My mother always told me as a child that if I needed help I could run to a police officer, but something very unfortunate has been happening as I grow older – Police officers all over the world seem to have regressed away from the friendly lawmen we knew we could trust in our utmost times of need. Although the stories of police brutality and misconduct have been most prevalent from the United States and eastern Europe, we need to realize that police misconduct is a worldwide epidemic and it happens right here in Canada.
I recently had the opportunity to sit down to an interview with Jodi-Anne (name has been changed to protect identity). Jodi-Anne is an agent for the Canadian Civil Liberties Association living in Alberta who recently had an encounter with the local law enforcement back in January of this year. She managed to fight the matter in court and win. I sat down with this amazing young activist to get her story (and a few pointers on what to do if this ever happens to you).
“I felt very pushed around and intimidated by the local law enforcement. It started as a routine stop for a minor traffic violation and escalated very quickly from there.” Jodi-Anne and her dog were just grabbing a cup of tea after driving friends to the bar when she was pulled over for a burnt-out taillight. “Things went downhill almost immediately. The police officer started off by approaching the passenger side of the vehicle and tried to open my door. […] It kind of frightened me. I’m used to officers just coming up on to the driver’s side window.” She recalls. She reached over to lock the door to prevent the officer from getting into the vehicle with her and motioned for him to come over to the driver’s side. “He asked for my license and registration. I presented him with my license but I was having trouble locating the registration at the time because it was it was a borrowed car. I was sick with a fever that night too and it was the middle of winter. He demanded that I roll down the window further which I told him I didn’t need to do because I had left ample space for him do to his job and to communicate clearly. He kept on insisting and getting more and more frustrated. He told me that by law I had to [roll down my window all the way] or I could be arrested for ‘interfering with police investigations’. It was at this point I informed the officer that I knew I did not and that he was speaking with a representative from the Canadian Civil Liberties Association.” By this point the officer had already made two very clear mistakes. Not only had he (for reasons unknown) tried to enter a vehicle containing one lone girl and her tiny dog during a late night traffic stop, but now he has just apparently made up a law on the spot.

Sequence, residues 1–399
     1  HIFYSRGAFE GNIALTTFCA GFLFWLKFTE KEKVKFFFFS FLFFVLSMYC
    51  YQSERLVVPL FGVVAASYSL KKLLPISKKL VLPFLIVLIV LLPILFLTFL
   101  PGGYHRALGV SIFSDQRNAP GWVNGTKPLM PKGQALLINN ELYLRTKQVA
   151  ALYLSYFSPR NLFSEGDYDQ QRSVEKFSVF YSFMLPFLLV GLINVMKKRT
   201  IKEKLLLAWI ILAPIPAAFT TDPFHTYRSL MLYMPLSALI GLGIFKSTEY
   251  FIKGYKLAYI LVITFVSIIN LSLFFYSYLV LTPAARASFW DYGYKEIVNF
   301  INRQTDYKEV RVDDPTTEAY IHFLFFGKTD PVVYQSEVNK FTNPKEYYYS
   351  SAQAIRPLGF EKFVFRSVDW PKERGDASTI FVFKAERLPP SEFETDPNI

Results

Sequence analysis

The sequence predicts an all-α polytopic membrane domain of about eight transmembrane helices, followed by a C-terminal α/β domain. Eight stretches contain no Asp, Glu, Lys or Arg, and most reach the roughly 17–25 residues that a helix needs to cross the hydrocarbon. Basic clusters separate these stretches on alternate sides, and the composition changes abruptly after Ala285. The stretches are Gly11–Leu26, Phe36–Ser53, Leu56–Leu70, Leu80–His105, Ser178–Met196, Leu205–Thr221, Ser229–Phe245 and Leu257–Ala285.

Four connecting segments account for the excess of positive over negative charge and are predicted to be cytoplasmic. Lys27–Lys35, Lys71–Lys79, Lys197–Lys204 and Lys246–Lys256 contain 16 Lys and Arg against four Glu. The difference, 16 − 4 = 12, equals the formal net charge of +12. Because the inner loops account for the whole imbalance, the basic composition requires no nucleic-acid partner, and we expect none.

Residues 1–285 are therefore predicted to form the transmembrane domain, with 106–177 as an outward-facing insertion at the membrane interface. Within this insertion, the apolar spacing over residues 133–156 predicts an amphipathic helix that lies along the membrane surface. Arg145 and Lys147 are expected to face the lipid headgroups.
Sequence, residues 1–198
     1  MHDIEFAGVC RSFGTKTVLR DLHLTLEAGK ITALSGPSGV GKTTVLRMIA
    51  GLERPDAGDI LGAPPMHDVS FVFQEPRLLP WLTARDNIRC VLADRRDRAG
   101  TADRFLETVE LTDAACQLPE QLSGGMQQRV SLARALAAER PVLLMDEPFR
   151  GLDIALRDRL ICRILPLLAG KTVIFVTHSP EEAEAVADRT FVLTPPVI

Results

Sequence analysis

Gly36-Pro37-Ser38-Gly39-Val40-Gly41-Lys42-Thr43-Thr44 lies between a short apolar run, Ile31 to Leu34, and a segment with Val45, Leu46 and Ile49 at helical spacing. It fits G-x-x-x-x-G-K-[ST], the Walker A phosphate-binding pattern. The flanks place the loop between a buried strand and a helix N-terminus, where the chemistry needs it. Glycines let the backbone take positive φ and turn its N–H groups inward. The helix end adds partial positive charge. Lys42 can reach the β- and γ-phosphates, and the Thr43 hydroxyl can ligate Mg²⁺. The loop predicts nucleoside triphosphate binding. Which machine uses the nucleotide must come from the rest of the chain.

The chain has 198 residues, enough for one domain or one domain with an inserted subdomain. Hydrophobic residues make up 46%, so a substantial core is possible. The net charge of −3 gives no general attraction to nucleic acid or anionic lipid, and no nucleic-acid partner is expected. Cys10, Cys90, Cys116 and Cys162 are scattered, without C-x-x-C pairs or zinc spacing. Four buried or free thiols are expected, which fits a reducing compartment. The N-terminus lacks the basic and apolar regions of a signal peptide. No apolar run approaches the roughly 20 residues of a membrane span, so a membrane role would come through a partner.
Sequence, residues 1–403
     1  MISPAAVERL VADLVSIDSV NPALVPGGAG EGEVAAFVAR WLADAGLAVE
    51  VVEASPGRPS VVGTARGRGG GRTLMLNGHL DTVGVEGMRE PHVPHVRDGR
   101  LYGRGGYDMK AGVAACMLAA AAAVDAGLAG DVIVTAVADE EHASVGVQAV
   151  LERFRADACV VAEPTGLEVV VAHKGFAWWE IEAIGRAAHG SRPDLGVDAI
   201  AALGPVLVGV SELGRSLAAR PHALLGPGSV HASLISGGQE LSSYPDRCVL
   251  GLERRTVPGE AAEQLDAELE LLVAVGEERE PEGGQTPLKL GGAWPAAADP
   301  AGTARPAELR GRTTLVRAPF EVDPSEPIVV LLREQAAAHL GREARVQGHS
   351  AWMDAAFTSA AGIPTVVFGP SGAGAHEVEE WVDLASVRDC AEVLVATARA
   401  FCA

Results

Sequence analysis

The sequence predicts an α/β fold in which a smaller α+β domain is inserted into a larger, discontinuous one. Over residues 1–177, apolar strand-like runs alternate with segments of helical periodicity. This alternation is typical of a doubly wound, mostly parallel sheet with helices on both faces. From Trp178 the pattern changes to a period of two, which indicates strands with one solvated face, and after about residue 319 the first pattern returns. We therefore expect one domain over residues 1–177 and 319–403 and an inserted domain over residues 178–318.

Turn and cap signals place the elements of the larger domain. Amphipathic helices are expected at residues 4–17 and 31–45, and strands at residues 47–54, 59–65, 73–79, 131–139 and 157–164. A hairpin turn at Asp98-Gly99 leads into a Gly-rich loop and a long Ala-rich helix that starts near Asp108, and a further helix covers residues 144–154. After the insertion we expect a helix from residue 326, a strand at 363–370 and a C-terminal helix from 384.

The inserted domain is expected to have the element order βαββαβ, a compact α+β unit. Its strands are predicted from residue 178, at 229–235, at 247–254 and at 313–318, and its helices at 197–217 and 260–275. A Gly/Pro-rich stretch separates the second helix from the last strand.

“The officer insisted that there was a strong odour of marijuana in the vehicle and I insisted that there was not. I told him that I knew for a fact that there was no marijuana in the car or on my person and tried to direct him back towards the original reason he pulled me over – my taillight. At this point he opened my driver’s side door and told me I needed to step out of the vehicle. I got out and tried to lock the door behind me which is when he shoved me into the side of my car and told me I was under arrest.” At this point Jodi-Anne has done just about everything right, but she’s still under arrest for a charge that doesn’t exist. “He didn’t really care, he thought he was on to something and he was very set in his mind that he was searching me and my vehicle that night. He left me no time to produce the registration and I was under arrest before I could lock the door to my vehicle. There was no evidence or proof that I had committed any wrongdoing other than having a burnt-out taillight… Which you can’t be arrested for.”
As if it isn’t enough to arrest someone with absolutely no grounds whatsoever, the officer felt compelled to then waste more of our tax dollars by calling for a ludicrous amount of backup. “I was arrested with absolutely no charge. Four other cruisers were called in, including the K-9 unit. This is at 11pm on a Saturday! When people are being insane all over the city!” The anger and frustration in Jodi-Anne’s voice is present now. “There were probably ten cops there including the dogs. They searched the vehicle, started swabbing shit [sic]… I asked to have a supervisor present and have a female officer perform the search of my person and I was denied that right as well! They found nothing on me or in the car. Then as the original officer was un-arresting me I asked for his name and badge number. He had the nerve to write me a ticket for failure to provide registration and say ‘It’s on the ticket’”. At this point I shared Jodi-Anne’s rage at this rogue police officer who had the audacity to haul a sick girl from her car in the middle of a cold night on nothing but an imagined whiff of cannabis. As a woman, I was sickened by the fact that her requests to have a female officer perform the search, and to have that search supervised, were in no way respected.